The Chinese government has cited ”security reasons” for banning the dissident author and poet Liao Yiwu from travelling to Australia to attend the Sydney Writers’ Festival next week. Liao joins several leading Chinese writers and artists who have been victims of a recent crackdown on people speaking out against the regime in China, including the jailed Nobel laureate Liu Xiaobo and the detained artist Ai Weiwei.

Liao was to be a key guest at the festival. He is a poet, musician (Chinese flute player), novelist and documentarian from Sichuan province, whose book The Corpse Walker, which documents the lives of people on the fringe of Chinese society, was published in Australia by Text Publishing last week.

The Chinese government, which has called Liao’s writings subversive, has also ”advised” him not to publish his work overseas. Liao was jailed in 1990 for four years for writing his epic poem Massacre, which condemned the bloody crackdown in Tiananmen Square. Sydney Writers’ Festival organisers said they were deeply disappointed by the ban, which follows China’s earlier decision to stop Liao travelling to the US to take part in the PEN World Voices Festival of International Literature.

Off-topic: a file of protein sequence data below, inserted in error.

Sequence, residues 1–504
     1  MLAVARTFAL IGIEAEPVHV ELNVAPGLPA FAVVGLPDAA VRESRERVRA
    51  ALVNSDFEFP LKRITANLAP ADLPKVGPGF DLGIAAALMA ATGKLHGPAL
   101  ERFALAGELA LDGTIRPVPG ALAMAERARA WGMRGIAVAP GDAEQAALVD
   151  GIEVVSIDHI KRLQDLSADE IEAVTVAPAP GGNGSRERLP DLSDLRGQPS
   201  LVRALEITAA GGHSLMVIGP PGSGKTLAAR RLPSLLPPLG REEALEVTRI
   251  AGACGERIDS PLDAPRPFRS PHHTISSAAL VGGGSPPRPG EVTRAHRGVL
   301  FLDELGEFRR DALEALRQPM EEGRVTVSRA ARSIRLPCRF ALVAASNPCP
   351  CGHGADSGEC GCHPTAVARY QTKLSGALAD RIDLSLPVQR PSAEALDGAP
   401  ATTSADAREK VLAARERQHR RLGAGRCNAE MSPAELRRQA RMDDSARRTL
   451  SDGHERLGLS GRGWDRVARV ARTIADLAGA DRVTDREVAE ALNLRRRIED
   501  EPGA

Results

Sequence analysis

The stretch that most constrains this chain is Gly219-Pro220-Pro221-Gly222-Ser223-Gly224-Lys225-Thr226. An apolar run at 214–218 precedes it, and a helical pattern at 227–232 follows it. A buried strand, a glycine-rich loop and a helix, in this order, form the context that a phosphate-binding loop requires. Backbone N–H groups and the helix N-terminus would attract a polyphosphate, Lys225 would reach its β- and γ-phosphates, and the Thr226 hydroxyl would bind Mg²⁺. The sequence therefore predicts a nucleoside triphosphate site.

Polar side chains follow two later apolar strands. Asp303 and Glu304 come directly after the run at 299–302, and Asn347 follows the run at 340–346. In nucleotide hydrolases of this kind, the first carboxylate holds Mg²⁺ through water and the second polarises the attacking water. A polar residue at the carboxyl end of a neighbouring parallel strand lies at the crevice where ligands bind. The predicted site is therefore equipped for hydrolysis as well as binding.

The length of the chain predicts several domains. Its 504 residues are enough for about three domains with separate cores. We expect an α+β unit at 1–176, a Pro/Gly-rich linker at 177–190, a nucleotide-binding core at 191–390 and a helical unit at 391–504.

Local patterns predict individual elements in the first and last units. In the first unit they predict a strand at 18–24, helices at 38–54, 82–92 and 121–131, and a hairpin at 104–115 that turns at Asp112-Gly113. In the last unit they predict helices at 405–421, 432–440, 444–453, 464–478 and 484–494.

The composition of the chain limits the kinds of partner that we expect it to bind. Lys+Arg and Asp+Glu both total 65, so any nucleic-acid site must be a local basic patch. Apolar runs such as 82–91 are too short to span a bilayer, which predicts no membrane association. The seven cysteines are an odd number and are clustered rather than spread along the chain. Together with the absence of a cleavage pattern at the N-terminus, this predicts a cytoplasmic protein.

The artistic director, Chip Rolley, said: ”Liao Yiwu … has been denied the fundamental right to express his views freely. We are astonished by the Chinese government’s additional demand that he not publish his works internationally. These actions highlight the need for Australians to better understand the growing power of China, including its reach into other countries.”

Author and sinologist Linda Jaivin, who was to discuss Liao’s work with him at the festival, said: ”The crazy thing is that by denying Liao Yiwu permission to travel, the Chinese government has given his work a massive publicity bonus overseas – just as few outside China knew about Liu Xiaobo before his arrest and subsequent Nobel prize, or the artist Ai Weiwei before his detention on April 3 this year. Despite numerous such examples, the Chinese government still doesn’t seem to understand that they are simply creating a new cause celebre every time they do this sort of thing.”

The Chinese government allowed Liao an exit permit to attend a literary event in Germany last year, his first after 14 attempts.

Meanwhile, The Guardian newspaper reported yesterday that while there was still no news of Ai Weiwei’s whereabouts, 37 days since his arrest by the Chinese police in Beijing, an unconfirmed report by a disaffected Xinhua journalist writing under a pseudonym suggested that Ai had been tortured, and had begun to confess to his supposed crimes.